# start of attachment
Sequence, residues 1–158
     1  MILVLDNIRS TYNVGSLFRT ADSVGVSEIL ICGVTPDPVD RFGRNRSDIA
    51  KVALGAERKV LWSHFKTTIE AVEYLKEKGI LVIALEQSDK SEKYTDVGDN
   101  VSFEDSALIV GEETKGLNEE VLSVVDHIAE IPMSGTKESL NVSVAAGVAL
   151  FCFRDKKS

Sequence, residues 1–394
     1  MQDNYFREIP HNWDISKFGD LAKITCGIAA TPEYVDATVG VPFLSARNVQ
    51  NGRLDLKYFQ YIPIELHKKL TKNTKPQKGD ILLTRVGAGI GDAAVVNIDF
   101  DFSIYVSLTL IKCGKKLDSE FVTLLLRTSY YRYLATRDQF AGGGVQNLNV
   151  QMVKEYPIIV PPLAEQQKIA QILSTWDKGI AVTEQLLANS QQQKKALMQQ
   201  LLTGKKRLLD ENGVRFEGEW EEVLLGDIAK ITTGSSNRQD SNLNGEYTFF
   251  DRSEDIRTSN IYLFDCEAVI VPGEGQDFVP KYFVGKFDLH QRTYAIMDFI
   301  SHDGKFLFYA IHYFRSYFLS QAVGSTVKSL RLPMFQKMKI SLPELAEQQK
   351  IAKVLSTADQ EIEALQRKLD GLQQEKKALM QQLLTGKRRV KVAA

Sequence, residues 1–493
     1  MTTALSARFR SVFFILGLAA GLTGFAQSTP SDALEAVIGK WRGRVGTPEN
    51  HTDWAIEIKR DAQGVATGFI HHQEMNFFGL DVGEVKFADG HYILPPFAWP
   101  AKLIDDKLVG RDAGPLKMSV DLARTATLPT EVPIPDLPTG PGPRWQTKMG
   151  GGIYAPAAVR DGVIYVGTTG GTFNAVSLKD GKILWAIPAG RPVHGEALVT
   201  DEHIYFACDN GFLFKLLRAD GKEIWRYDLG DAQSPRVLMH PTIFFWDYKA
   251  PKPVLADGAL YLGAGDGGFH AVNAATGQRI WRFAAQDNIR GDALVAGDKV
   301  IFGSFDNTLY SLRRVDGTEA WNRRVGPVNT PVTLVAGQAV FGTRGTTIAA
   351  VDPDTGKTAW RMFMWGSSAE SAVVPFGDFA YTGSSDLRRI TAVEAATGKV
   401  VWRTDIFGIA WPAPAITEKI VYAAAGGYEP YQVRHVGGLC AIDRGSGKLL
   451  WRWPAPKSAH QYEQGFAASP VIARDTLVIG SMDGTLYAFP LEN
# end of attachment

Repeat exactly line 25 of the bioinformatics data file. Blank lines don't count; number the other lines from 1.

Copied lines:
   451  WRWPAPKSAH QYEQGFAASP VIARDTLVIG SMDGTLYAFP LEN